The official description is as follows: "Mericarps usually separate, each being broadly elliptical, more or less curved, from 4 to 10 mm. in length and from 1 to 3.5 mm. in breadth, some having a slender stalk from 2 to 10 mm. in length; dorsal surface convex, yellowish-green to grayish-brown, with three prominent, longitudinal primary ribs and at the summit a short, conical stylopodium; commissural surface with three narrow, light brown, longitudinal areas separated by two dark brown or brownish-black areas containing the vittae or oil-tubes; odor and taste aromatic and characteristic. Under the microscope, transverse sections of Fennel show a pentagonal mericarp, four of the edges being nearly equal and slightly concave, the other or commissural surface being much longer and more or less undulate; cells of the seed-coat closely united with those of the pericarp, giving the section two very distinct areas, the inner and larger portion (endosperm) more or less rounded-pentagonal and somewhat reniform, composed of polygonal cells, filled with aleurone grains containing rosette aggregates of calcium oxalate and a thin protoplasmic layer enclosing a fixed oil; the outer or pericarp layer distinguished by large elliptical vittae with thick, brown walls, occurring singly and alternating with the primary ribs, and two vittae on the dorsal surface, making usually six vittae in all, there sometimes being, however, one or two vittae additional; in the central portion of each of the ribs occurs a nearly circular, fibro-vascular bundle with a few tracheae and numerous thin-walled, strongly lignified sclerenchymatous fibers. The powder is yellowish-brown consisting of irregular angular fragments; tissues of endosperm, colorless, the cells filled with aleurone grains, each containing a rosette aggregate of calcium oxalate, about 0.002 mm. in diameter; fragments containing yellowish-brown vittae, from 0.1 to 0.2 mm. in width; sclerenchymatous fibers few, strongly lignified and with numerous, oblique, simple pores; parenchyma cells with more or less thick walls and simple pores and occasionally reticulately thickened; tracheae few and either spiral or annular; in mounts made with hydrated chloral T.S., numerous globules of a fixed oil separate. Fennel yields not more than 9 per cent. of ash." U. S.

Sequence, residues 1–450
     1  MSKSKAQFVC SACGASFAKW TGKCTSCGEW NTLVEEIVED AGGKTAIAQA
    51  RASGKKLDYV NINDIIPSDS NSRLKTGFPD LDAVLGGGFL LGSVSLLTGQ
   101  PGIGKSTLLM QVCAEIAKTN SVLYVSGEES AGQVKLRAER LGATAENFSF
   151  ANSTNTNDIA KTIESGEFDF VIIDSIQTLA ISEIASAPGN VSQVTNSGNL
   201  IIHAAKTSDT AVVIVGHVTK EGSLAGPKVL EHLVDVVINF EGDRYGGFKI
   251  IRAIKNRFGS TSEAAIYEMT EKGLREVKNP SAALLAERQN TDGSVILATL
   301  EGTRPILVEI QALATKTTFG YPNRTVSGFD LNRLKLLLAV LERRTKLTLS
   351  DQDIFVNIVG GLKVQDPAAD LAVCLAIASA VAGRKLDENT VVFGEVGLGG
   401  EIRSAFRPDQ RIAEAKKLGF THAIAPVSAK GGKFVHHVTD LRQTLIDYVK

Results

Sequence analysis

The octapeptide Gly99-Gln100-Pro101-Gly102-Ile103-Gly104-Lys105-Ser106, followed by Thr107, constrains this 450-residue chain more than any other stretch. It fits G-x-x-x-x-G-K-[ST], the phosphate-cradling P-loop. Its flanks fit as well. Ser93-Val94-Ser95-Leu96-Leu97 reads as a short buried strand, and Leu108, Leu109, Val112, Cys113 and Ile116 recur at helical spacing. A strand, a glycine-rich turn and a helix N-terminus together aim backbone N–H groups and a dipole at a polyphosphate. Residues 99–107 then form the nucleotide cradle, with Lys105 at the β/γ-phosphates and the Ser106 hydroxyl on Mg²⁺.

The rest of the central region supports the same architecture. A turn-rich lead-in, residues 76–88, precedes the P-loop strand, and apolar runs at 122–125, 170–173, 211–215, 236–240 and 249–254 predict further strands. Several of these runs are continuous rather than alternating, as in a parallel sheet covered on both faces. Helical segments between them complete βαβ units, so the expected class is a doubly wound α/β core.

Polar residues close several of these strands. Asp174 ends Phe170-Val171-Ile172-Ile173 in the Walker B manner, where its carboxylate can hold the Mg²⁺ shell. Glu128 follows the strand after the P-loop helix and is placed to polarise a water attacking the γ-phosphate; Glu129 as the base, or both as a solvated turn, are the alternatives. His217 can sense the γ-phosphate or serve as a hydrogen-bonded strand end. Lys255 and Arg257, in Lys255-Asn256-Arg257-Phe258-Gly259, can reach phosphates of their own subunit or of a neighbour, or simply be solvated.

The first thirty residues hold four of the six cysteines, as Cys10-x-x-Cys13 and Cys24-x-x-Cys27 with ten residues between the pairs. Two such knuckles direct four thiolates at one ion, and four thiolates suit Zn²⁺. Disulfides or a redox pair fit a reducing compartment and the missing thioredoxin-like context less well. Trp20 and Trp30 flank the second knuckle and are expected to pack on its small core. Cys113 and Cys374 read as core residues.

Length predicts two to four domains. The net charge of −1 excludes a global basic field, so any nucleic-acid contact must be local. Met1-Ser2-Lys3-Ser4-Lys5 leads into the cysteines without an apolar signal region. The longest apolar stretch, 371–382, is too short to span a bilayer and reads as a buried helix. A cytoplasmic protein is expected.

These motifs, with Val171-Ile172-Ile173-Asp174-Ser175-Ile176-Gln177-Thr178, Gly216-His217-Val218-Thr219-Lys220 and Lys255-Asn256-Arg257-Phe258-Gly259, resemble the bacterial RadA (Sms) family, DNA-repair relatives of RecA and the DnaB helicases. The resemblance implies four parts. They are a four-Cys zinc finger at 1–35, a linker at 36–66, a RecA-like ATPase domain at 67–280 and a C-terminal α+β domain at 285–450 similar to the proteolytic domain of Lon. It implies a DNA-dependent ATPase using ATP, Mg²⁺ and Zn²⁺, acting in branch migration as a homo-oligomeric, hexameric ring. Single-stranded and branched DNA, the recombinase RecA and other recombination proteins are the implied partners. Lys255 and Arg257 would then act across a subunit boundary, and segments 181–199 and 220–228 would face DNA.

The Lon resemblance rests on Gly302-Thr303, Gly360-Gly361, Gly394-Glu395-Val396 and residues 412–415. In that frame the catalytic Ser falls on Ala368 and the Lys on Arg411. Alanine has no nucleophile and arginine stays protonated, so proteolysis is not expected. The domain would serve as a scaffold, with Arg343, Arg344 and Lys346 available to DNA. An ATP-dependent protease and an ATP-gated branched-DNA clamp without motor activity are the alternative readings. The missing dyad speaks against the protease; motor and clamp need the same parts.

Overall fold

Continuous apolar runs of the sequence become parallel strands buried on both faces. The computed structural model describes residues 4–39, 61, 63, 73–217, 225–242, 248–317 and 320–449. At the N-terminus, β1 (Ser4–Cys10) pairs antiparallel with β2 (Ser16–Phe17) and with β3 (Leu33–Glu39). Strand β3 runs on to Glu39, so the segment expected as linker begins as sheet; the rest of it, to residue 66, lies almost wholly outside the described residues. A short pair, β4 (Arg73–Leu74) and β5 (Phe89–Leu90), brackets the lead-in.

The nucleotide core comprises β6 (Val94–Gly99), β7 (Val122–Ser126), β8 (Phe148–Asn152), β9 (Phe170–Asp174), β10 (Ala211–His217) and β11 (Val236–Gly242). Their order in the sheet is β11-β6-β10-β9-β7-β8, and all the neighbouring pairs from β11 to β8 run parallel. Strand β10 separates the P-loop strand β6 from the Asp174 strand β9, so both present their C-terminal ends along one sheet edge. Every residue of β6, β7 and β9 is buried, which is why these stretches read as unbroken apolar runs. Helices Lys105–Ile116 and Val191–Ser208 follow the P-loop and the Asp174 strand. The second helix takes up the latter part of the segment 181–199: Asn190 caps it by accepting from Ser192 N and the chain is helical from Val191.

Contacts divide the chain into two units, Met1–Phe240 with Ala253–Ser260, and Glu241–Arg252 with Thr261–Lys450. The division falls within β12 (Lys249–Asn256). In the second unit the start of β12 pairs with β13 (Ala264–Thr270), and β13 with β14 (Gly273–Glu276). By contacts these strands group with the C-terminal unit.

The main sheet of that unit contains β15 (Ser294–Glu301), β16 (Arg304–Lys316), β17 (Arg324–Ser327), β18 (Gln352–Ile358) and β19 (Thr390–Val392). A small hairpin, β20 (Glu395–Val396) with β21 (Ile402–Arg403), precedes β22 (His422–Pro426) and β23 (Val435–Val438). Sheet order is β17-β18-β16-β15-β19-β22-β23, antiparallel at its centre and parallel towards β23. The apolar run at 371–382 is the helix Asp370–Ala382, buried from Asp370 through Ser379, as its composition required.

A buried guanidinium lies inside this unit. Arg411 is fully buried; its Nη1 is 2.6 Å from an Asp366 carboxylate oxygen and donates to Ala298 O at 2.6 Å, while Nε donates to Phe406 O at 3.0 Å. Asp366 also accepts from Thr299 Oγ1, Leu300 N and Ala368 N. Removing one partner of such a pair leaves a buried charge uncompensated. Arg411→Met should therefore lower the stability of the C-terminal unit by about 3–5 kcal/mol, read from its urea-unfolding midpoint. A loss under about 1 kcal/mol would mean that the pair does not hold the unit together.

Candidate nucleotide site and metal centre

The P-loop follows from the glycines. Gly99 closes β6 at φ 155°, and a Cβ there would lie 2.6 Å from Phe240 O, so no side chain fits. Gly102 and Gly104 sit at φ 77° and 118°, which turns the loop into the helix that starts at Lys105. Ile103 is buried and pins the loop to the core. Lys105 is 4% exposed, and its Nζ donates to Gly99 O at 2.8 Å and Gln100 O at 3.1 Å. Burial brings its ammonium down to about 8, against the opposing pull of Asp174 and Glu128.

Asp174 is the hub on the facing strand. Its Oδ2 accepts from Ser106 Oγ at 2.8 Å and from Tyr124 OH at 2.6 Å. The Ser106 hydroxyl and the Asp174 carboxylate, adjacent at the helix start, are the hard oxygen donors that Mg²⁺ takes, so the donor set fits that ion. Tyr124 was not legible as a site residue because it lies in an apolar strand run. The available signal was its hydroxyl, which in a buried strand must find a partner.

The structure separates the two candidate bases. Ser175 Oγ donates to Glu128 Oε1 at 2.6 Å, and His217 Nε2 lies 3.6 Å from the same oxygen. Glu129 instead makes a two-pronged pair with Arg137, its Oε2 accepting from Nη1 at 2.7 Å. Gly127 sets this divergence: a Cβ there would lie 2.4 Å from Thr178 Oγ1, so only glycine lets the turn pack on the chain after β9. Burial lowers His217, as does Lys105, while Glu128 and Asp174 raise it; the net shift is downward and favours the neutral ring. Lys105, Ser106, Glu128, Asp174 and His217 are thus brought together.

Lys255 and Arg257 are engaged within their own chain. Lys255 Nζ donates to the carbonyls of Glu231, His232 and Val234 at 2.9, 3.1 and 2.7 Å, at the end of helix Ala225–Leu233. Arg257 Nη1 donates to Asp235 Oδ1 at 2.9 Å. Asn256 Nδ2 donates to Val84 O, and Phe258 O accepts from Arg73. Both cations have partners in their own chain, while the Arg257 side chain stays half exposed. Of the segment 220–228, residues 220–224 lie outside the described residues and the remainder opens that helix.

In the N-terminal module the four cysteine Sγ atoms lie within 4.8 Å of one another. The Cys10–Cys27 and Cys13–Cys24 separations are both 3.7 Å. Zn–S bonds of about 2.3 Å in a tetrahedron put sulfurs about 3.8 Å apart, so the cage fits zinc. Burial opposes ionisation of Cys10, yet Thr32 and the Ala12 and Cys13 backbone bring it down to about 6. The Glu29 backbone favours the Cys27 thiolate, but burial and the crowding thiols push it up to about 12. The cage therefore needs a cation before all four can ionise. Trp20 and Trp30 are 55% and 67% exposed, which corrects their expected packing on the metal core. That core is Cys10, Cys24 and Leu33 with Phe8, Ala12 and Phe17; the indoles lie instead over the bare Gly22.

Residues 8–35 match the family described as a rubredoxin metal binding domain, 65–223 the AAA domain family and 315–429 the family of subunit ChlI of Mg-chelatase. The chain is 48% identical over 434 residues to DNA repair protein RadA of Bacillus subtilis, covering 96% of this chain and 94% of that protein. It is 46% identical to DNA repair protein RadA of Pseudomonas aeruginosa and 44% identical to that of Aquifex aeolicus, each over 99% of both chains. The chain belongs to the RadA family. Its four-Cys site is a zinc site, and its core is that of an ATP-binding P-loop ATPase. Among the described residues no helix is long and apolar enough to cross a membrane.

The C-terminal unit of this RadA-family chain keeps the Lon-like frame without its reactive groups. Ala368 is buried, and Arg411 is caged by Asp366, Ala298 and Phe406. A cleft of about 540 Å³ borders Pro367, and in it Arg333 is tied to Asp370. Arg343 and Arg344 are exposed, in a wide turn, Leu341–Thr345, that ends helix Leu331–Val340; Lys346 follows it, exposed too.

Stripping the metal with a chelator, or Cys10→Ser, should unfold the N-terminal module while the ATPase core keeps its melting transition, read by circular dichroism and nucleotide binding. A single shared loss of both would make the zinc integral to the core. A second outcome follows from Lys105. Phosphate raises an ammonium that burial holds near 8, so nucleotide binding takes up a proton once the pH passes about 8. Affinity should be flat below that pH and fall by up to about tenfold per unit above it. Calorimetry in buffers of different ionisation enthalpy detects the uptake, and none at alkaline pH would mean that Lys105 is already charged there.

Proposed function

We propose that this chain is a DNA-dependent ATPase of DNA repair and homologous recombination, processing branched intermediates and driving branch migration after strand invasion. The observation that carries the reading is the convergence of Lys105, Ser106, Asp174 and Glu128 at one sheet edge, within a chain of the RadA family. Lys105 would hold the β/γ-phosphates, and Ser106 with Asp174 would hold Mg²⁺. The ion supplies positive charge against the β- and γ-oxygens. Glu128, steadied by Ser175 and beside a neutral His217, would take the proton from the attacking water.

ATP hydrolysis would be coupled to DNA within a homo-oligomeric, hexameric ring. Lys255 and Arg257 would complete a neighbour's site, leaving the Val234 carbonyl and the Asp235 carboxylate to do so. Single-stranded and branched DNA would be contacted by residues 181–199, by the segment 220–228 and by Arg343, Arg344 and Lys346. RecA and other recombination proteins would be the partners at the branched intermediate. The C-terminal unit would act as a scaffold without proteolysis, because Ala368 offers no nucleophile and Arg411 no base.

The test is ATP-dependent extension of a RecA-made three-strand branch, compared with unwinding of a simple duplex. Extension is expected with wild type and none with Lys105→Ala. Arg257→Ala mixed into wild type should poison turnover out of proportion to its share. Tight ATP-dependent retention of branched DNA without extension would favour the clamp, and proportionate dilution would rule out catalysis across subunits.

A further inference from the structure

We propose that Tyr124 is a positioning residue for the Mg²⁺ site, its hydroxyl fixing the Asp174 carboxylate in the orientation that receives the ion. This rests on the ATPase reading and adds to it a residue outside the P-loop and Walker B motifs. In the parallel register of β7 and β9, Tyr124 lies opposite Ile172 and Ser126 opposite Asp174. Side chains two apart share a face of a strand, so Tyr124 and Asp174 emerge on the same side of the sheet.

Fennel seeds (half fruits) are officially described in the Br. Pharm. as follows:

"Small, oblong, straight or slightly curved, from three to ten millimetres long, and from two to four millimetres in diameter. Greenish or greenish-brown. Each of the two mericarps with five prominent principal ridges and six large vittae. Aromatic odor; taste strong, sweet and camphoraceous. Ash not more than 11 per cent." Br.